Almost two years ago, I wrote a post with my thoughts on gender and also how it applied to me. It’s funny how you can write true things…but also write around other truths.
I identify as a woman.
I like being a woman.
Those are things I said last year. They were true…ish. Thing is…I was afraid. Afraid of stepping outside the gender binary. Terrified I wasn’t “queer enough”, regardless of how queer I felt. Scared out of my mind that I would get ridiculed again like I did the first time I found pronouns that felt like they fit me…over 15 years ago.
It’s even funnier how you can support everyone around you being their authentic selves, in everything you do, from your work to your personal relationships to your friendships to people you’ve never met but defend on social media. Proudly rockin’ my “I’ll go with you” button and telling people at the Y in the South that Trans women are…y’know…women. Making sure to be aware of people’s pronouns.
Think I could apply that acceptance and support to myself?
Why the fuck would I do that?
The past two years have shown me all kinds of new things. New people. New ways to be. Life isn’t a binary anything really. Because the gender binary is just a social fucking construct. And challenging that scares people. Hell, it scares me, even as I do it. Another part of what I wrote last year:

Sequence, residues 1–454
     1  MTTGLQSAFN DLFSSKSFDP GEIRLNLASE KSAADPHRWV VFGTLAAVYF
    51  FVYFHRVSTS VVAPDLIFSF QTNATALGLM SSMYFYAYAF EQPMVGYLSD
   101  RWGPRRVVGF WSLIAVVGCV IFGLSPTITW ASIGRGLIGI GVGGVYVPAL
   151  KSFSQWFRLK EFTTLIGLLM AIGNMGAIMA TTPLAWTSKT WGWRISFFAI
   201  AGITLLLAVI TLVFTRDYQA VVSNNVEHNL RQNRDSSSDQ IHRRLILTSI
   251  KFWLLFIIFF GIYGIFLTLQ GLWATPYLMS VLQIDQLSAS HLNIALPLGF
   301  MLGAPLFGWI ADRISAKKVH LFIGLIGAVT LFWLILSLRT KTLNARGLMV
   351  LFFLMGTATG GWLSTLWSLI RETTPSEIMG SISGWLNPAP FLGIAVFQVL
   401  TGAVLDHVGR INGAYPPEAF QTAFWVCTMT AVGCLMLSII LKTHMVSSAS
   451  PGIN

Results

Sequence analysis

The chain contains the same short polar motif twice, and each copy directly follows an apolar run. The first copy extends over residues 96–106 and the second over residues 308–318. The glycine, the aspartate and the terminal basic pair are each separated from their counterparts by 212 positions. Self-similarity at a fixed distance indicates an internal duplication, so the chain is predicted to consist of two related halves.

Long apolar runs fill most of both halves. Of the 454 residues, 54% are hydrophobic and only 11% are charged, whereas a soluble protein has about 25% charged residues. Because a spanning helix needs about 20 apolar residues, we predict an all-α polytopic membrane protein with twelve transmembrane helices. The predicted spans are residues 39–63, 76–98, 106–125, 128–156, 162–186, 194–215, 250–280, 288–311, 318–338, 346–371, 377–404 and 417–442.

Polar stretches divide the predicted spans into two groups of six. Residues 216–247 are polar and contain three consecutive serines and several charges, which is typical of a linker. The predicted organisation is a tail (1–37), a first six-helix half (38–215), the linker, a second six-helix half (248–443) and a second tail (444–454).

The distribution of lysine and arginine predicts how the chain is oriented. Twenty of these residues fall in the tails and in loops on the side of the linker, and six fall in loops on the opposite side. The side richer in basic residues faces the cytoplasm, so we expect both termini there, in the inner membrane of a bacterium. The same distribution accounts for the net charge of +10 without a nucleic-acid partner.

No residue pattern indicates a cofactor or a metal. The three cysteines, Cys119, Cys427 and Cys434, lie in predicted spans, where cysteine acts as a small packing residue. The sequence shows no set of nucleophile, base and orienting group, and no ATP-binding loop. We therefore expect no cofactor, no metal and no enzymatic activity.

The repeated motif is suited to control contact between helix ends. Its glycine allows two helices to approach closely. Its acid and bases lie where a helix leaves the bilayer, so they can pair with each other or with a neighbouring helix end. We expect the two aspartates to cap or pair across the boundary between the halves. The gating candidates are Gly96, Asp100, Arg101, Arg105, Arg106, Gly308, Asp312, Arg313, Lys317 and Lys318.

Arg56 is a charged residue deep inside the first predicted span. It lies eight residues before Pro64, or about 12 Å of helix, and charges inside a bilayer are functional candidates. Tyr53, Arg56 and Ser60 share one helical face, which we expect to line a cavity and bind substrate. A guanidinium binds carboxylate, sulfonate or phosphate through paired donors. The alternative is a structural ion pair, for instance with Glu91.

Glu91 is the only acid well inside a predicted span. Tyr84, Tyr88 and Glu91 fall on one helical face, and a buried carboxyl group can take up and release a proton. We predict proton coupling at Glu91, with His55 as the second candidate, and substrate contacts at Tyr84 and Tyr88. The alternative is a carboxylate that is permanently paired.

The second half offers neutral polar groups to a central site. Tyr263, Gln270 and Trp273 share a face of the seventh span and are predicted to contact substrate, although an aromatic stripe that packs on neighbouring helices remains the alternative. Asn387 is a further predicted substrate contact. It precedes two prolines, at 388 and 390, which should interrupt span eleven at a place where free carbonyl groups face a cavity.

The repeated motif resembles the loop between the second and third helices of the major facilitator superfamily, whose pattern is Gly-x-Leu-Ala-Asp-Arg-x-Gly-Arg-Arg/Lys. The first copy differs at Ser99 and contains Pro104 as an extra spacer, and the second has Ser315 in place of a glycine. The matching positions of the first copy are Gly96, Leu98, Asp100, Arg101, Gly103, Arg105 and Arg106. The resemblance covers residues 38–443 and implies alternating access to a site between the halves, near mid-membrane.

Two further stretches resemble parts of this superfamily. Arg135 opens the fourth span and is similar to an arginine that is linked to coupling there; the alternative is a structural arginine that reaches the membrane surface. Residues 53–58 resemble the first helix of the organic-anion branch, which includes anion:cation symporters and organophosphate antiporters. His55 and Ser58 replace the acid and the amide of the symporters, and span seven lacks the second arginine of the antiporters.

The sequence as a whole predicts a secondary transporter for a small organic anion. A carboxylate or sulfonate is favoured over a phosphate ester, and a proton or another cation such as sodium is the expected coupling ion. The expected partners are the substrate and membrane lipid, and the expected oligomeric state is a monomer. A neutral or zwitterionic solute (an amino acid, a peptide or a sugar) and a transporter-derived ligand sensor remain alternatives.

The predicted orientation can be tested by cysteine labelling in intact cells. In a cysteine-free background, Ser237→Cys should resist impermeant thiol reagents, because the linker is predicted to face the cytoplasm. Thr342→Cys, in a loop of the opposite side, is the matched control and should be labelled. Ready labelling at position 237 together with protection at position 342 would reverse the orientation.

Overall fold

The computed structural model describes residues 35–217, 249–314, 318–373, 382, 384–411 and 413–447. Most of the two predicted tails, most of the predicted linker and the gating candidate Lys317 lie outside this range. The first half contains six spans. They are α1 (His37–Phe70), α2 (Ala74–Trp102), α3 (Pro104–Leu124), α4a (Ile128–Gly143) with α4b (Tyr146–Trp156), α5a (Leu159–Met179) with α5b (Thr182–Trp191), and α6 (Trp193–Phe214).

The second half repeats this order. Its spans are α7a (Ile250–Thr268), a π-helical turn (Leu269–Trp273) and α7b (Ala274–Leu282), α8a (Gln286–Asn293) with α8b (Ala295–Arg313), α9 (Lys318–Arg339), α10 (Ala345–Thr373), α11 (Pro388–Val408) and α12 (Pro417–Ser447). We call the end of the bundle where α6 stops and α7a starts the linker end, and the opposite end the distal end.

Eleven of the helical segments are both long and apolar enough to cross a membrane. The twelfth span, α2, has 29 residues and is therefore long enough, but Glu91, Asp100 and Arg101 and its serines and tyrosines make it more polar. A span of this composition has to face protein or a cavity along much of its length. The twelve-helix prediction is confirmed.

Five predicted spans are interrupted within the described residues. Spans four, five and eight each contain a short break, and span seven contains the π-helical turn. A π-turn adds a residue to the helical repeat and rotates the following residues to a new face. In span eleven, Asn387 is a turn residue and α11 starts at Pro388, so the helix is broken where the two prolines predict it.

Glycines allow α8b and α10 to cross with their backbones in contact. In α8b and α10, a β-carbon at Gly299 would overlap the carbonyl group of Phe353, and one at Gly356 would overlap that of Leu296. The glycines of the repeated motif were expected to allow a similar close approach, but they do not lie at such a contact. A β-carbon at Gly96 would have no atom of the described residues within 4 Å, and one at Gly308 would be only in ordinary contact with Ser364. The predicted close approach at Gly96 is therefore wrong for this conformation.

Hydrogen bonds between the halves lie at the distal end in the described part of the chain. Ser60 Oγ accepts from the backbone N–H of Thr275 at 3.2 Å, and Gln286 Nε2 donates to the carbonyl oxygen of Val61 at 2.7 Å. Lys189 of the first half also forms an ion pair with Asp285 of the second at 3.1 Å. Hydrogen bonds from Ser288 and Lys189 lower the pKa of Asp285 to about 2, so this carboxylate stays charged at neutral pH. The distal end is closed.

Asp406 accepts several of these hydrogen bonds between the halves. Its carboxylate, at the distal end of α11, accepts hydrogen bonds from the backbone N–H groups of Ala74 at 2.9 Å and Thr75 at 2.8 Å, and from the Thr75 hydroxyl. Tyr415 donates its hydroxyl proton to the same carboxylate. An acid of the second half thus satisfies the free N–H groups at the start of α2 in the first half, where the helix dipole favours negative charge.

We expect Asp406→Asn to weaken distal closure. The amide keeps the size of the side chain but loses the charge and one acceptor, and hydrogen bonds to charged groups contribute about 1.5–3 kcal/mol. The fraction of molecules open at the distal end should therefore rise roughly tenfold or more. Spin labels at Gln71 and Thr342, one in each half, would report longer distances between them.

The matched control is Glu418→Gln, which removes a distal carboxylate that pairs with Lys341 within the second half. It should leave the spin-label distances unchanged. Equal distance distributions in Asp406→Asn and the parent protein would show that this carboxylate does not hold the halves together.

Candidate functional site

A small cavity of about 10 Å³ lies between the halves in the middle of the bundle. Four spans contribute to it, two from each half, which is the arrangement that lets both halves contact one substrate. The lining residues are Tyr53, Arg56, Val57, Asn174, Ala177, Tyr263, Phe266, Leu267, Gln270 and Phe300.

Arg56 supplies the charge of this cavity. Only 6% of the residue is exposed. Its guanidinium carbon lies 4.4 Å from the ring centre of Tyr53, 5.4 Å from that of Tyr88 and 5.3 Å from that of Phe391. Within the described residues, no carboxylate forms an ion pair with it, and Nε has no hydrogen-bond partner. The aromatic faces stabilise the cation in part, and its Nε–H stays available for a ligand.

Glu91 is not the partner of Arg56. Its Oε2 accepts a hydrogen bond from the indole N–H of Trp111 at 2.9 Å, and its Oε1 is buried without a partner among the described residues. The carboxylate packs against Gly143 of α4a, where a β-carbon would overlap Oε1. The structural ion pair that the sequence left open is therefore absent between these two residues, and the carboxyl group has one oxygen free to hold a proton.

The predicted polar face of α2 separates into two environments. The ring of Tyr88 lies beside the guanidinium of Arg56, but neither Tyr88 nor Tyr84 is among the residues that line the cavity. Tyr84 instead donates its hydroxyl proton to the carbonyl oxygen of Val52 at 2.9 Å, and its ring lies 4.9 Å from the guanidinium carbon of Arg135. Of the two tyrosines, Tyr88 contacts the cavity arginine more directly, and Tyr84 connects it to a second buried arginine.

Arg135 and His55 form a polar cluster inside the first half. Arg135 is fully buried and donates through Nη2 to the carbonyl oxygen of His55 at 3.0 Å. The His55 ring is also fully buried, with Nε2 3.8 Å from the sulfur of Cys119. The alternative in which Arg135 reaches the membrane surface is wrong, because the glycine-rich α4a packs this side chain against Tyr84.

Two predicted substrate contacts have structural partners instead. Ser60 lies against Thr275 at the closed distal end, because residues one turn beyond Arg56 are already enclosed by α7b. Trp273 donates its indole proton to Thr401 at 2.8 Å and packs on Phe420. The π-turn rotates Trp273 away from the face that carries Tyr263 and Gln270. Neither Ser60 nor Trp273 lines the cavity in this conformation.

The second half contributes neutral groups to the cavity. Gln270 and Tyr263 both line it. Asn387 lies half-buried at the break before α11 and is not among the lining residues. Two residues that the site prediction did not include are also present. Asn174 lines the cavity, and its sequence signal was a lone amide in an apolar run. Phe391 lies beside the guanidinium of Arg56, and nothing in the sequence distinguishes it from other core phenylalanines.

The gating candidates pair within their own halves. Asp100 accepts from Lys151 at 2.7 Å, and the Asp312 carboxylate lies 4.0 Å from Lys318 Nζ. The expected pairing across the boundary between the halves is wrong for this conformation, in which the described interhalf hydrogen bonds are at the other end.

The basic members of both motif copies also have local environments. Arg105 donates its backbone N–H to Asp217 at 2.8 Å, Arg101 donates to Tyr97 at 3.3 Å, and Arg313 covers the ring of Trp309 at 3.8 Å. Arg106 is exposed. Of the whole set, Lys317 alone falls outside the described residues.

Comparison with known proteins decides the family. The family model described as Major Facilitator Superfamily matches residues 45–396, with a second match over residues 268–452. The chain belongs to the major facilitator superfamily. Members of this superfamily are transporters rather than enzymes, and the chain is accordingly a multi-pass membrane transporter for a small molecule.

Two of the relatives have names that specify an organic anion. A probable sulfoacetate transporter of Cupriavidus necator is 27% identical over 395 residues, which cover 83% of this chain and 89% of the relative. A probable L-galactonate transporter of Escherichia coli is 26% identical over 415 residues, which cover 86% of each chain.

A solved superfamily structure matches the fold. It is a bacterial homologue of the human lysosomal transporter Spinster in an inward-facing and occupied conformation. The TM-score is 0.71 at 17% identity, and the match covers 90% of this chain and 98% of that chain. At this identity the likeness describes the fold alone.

The Unknown or New is scary. It’s threatening. I get it. “What else could change?” is the question that bubbles, unspoken below the discomfort with adapting to new information. It scares me, too. I just try not to let it stop me from questioning, exploring, seeking out conversations and information, learning, growing.
One thing that’s changed for me, or at least out loud, in public now, are my pronouns. Over fifteen years ago, I first learned about “ze/zir” and the light of recognition and rightness glowed inside of me…and I quickly squelched it when a former partner promptly mocked the shit out of those words and anyone who would use them. I packed that part of me away.